Posted in Promoting Books, Promoting Poets & Artists

🌌Interview: “bring your quiet nights” by Nadia Grant🌌

“bring your quiet nights” is a poetry collection exploring life’s extraordinary joys, dismal lows and the quirks and confusion in between. It is broken into three district phases of life:

🌌Part 1 – All the things they don’t warn you about.
🌌Part 2 – They say what doesn’t kill you makes you feel like dying.
🌌Part 3 – There is light, and when you find it, don’t let go.


Hello there, Nadia! I’m excited to chat with you about your debut poetry book, “bring your quiet nights.” First thing’s first: I’d love to discuss what your inspiration for this collection of poems was.

I wrote the poems through my twenties – I had a lot of quiet nights alone not knowing what to do with how I felt. I know that for me and a lot of other people, it’s a confusing age – figuring out what you want to do with yourself, falling in love, having your heart torn out for the first time. It’s also a time where a lot of us face death for the first time, in friends or in family – and muddles the ideas we have about life even more.

Absolutely. Our twenties are quite a challenging yet transformative period of our lives. What got you into the written word and when did this avid interest come about?

In college I took a poetry writing class on a whim and discovered how terrible my poetry was. I started writing poetry seriously after that – about ten years ago now – to learn how to better turn feelings into words.

I love how a poetry class taken a whim has culminated into you writing more poetry and ultimately putting together this wonderful book of poems. If there’s a key takeaway from your book, what would it be?

“bring your quiet nights” is really about processing those early, formative years – sometimes years after the fact.

Mentally processing our lives and poetry really do go hand-in-hand. Who is your main writing influence if you had to pick?

Charles Bukowski inspired me that it was OK to write poetry and fiction without any flowery-ness. His writing has a grittiness that I really appreciate, but he can also make you crack a smile.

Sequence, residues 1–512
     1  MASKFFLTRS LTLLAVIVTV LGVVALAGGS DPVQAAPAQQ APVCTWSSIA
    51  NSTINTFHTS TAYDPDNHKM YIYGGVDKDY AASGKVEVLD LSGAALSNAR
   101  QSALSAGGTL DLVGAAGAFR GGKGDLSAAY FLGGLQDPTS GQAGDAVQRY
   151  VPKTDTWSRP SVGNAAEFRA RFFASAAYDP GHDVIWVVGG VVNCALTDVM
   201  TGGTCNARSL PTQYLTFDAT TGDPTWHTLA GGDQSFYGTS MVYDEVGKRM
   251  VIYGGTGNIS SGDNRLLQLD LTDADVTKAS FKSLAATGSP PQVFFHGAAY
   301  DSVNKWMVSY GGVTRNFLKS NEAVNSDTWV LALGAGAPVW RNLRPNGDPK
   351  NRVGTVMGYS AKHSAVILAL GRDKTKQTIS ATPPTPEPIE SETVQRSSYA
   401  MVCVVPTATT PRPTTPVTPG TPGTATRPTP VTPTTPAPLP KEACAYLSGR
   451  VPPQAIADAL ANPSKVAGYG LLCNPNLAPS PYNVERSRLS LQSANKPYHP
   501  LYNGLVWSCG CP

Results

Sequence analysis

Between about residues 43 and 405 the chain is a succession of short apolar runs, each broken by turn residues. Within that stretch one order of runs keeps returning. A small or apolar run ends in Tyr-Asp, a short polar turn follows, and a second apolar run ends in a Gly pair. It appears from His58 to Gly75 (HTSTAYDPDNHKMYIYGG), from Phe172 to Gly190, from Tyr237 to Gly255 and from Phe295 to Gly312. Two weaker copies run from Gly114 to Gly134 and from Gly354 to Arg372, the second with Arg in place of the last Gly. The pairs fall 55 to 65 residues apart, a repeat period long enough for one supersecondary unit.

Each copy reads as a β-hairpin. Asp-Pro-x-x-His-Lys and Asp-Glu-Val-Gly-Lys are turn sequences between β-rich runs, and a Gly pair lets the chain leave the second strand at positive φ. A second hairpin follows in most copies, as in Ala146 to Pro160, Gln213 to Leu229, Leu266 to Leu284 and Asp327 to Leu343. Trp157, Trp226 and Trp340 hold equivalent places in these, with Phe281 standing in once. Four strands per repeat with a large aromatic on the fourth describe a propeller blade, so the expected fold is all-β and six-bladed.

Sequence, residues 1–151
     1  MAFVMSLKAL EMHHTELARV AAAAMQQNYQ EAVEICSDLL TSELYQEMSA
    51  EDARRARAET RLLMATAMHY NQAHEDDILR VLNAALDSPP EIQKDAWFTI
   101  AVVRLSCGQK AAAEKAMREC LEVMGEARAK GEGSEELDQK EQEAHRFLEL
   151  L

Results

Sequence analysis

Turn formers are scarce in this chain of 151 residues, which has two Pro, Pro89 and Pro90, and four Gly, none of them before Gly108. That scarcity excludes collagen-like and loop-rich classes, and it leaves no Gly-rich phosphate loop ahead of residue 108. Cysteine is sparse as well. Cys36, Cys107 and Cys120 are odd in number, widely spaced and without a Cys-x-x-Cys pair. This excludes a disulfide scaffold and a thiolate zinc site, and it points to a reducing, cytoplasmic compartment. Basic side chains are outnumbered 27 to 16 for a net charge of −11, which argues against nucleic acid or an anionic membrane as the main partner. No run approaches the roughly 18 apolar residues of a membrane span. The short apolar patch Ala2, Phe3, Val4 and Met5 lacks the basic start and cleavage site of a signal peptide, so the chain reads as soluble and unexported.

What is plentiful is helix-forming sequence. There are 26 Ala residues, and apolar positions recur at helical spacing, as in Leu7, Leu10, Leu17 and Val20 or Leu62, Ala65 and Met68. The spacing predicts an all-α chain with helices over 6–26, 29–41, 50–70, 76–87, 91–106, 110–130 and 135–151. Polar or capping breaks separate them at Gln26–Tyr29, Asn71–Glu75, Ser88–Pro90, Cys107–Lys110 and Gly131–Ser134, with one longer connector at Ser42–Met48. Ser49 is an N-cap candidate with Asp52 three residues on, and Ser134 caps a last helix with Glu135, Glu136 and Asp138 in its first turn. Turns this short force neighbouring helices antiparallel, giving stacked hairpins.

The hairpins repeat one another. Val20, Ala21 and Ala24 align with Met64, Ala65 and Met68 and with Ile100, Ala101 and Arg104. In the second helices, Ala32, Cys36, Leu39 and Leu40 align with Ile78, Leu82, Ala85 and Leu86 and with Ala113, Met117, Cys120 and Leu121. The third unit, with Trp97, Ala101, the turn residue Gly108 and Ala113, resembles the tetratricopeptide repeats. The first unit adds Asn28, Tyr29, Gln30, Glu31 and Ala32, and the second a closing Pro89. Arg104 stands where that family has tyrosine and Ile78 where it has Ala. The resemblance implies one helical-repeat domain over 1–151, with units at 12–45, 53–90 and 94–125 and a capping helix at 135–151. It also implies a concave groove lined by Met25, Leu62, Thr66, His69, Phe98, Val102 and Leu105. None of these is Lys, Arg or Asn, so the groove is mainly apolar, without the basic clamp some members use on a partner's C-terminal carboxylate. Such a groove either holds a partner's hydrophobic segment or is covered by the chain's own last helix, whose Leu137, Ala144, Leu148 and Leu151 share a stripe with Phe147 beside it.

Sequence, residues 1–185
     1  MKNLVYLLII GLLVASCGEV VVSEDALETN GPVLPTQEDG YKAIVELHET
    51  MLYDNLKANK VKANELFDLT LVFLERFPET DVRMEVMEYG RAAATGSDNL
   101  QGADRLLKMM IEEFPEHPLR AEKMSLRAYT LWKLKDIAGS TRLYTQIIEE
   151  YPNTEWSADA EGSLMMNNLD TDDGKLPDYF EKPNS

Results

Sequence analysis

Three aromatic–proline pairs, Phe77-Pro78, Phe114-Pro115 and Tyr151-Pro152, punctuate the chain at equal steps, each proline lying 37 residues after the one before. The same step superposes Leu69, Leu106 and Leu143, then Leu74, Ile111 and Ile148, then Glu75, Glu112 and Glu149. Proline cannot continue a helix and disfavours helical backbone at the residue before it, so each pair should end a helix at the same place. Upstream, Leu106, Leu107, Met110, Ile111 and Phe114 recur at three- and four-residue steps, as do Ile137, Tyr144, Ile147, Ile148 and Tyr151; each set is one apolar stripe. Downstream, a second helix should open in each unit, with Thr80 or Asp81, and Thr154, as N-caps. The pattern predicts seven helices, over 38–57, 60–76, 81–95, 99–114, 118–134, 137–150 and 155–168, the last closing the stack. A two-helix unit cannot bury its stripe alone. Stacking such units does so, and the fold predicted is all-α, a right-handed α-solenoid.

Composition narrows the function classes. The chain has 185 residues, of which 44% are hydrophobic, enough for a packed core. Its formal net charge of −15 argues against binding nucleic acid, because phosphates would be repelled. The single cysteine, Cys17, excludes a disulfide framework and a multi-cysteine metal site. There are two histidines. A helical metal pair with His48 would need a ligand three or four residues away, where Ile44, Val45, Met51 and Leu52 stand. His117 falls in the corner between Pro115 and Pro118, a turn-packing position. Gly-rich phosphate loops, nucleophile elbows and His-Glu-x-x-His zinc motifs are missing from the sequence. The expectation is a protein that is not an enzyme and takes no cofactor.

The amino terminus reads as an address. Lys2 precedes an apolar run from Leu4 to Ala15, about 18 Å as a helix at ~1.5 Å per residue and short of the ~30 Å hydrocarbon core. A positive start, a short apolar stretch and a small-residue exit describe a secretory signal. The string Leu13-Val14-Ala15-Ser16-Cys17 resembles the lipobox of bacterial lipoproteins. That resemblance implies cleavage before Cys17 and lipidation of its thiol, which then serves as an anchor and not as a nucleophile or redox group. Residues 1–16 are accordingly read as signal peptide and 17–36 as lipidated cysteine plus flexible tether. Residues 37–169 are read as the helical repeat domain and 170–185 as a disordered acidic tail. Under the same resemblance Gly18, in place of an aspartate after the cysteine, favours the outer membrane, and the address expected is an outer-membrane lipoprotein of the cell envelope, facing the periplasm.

“bring your quiet nights” is really about processing those early, formative years.

I love Bukowski for that very reason! One more question: What does a typical writing session look like for you?

An idea for a poem more or less floats into my head – usually when I’m at work or on the bus, or some other inopportune moment. Sometimes it’s just a line and I know I need to write it down and come back to it later. Then when I have some time, I just sit with it and see what it turns into.

That’s the way to do it. Well, Nadia, thank you very much for having this interview with me! I really enjoyed speaking with you. 🌝

nadiaNadia K. Grant is an American writer, poet, and known “hopeful romantic” to her friends. She published her first poetry anthology “bring your quiet nights” in June 2018. Her debut novel “Love and Blackmail” will be released in July 2018.


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Evy Zen (formerly Eva PoeteX) is a mystic poetess, eclectic artist, fiction writer, and wellness advocate who calls the Greater Cleveland area home sweet home. Born a Clevelander with a Greek lineage, the arts started being a major part of her life the moment she picked up her first crayon. To date, dozens of Evy's writings have been featured in publications like Thought Catalog, The Journey Magazine, and Journey of the Heart: Women's Spiritual Poetry. As a spoken word poet, she has also had the opportunity to collaborate with numerous musicians across the globe. Currently, Evy is the Founding Editor of Poehemian Press and runs the decade-young poetry website (formerly The Artistic Muse). Additionally, she is the author of several independently and locally published poetry books, including "Esoterra" and "Sacred Shapes." Furthermore, she works as a full-time freelance writer and editor. In 2012, Evy received a Bachelor of Arts degree (honors) in Creative Writing from Cleveland State University. She also obtained a Diploma (distinction) in Exercise Nutrition from Shaw Academy four years later. When she's not creating, Evy Zen recharges her batteries by reading her weight in books ("The Alchemist" by Paulo Coelho is her personal favorite), going on epic bike rides, meditating to ambient music, and racing super cars behind the safety of her computer or TV screen. To find out more, visit her official website at

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